Sincerely yours,

Tom

 

11 April 2001

Dear Tom,

Thanks for the three comments in your recent letter. I will collapse your first two into a single point, and then respond. Your first comment underlined your pleasure at my observation that your ideas were “old-fashioned.” You identify them as constitutionalism, limited government, liberty, a market economy, etc. However, when I referred to your ideas as yesterday’s conventional wisdom, I did not use the phrase “old-fashioned,” and I was not referring to the list you cite, but to your support for assimilation which lies behind your support for the philosophy of the 1969 White Paper. This leads to your second comment, the need to “revisit the concept of assimilation [which] has become one of the worst pejorative terms, used over and over to shut down discussion.”

A preliminary observation: it is not difficult to assemble a battery of pro-assimilation arguments from John A. Macdonald to the Saskatchewan CCF government of Tommy Douglas, the 1969 White Paper, Mel Smith’s Our Home or Native Land? and your own First Nations, Second Thoughts? In effect, not only do you say that assimilation is desirable and inevitable, but that it has already happened: “aboriginal people now live very much like everyone else.”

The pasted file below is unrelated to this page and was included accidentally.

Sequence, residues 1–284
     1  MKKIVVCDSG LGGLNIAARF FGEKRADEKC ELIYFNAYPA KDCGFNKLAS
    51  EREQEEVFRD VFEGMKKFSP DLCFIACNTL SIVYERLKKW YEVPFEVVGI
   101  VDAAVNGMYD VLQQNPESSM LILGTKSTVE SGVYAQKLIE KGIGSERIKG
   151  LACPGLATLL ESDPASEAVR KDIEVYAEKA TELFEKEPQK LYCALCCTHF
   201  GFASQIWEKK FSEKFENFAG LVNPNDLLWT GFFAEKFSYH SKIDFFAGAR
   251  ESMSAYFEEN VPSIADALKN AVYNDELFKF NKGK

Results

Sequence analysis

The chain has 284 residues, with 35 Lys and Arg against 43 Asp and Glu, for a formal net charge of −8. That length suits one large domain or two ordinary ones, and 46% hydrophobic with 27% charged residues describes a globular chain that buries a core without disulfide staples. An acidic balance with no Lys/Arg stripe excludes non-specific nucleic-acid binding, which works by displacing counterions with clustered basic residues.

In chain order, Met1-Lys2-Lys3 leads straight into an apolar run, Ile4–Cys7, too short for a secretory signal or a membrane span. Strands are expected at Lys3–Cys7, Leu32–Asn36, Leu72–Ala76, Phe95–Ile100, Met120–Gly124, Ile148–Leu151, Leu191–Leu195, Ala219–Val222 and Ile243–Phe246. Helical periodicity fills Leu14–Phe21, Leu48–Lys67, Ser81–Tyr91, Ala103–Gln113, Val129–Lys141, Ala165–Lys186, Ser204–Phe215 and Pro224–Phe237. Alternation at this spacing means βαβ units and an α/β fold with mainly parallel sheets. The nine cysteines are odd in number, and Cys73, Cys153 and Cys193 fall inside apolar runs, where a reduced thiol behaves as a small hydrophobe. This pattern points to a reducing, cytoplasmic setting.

Yes and no: none of the past believers in and advocates of assimilation thought that assimilation, if and when it came, would be twinned with Aboriginal nationalism employing the language of colonialism to describe the past, would be accompanied by a strengthened and politicized Aboriginal identity, would be compatible with the suggestion of Mary Ellen Turpel Lafond that Aboriginal representatives in Parliament should be thought of as ambassadors, or would give birth to a royal commission report (with four out of seven Aboriginal commissioners) that could muster only lukewarm praise for Canadian citizenship. In other words, if what we now have is assimilation, it does not mean what long-time Canadian policy anticipated.